So people ask me three questions. They ask me, first and foremost, how China was, or what China’s like, or some variation on that question. And my response has been repeated so many times I have it memorized and ready to pull out at a moment’s notice. China’s a big country, I say, which is mundane, but probably the truest observation I have of China as a whole, and something that people who have never been can’t really understand, I think. The key fact is that it is a country the size of America with four times the population, and that doesn’t sink in until you go. Outside of that, it’s hard to say what China’s “like”. Which part? When? For who? So I neglect to go any further than saying, China’s a big country. My response can either be that, or the entirety of this blog; nothing in between would be quite accurate.
Then they’ll ask me if I miss China, and that one’s hard for me to answer. No, not exactly. Parts of it I certainly don’t miss. And even the parts I have fond memories of, well, I’m just not really the missing type. Life moves on. But more to the point, I have a hard time integrating the memory of that time with the rest of my life. China was so different, and feels so distant – and is so distant, in so many ways – from the rest of my life that it sometimes doesn’t feel like it actually happened. I feel like I went to another planet for a couple of months and then came back. So no, I don’t quite miss it, when I’m sometimes not even sure it actually happened.
And then the hardest question, which is rare, but I still get: did China change you? Now that’s the hardest one to answer. No, on one hand. I still feel like me, just with a slight disruption. I have the same flaws, and the same problems. I don’t feel like I really changed. I’m still as stubborn and convinced of myself as I’ve ever been, and still very skeptical – perhaps more so now than ever – that that kind of experience can really change people.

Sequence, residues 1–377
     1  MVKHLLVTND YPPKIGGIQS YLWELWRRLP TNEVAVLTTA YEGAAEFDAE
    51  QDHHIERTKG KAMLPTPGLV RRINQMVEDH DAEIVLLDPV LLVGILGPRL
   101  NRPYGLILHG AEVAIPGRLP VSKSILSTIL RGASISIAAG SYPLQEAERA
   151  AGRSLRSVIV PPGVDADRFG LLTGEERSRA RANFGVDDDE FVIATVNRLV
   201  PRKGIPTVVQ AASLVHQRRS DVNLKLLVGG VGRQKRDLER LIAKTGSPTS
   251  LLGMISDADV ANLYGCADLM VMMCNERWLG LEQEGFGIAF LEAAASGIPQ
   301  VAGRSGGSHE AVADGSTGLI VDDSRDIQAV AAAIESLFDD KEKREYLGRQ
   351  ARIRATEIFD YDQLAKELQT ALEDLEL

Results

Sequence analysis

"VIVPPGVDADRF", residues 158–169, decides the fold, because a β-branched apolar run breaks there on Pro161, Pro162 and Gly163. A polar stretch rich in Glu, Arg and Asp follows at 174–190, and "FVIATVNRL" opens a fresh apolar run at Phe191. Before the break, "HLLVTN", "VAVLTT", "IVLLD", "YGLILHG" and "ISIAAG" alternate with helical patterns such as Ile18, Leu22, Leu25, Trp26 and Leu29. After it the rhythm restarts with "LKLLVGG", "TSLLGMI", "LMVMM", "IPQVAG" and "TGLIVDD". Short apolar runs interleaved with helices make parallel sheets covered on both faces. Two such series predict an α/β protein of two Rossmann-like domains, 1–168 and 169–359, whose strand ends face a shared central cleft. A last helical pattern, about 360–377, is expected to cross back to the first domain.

But then, I also feel like it was a big experience. I feel like I saw things differently, at least for a time, that I got some glimpses of a different way of being. It affected me, I am sure. When I talk about how China was rough sometimes, people often counter, but you were in a pretty comfortable position, being a Westerner, with access to Western things and hell, even the internet. But that’s not what was hard to me about China. There is a distinct, unbelievable isolation that comes with being a stranger in a strange land, cut off from your language, your culture, your family and friends. And no matter how many comforts you may have, you are still cut off, you are still not at home. It really is the sensation of the Freudian unheimlich (not coincidentally literally translating as “not at home”), uncomfortable even though nothing is all that different. I don’t know if that’s any lessened by having this experience in a culture closer to one’s own, since I haven’t had that experience. I just know it was intense as all hell in China. When I was lonely in China, I was lonelier than I’ve ever been.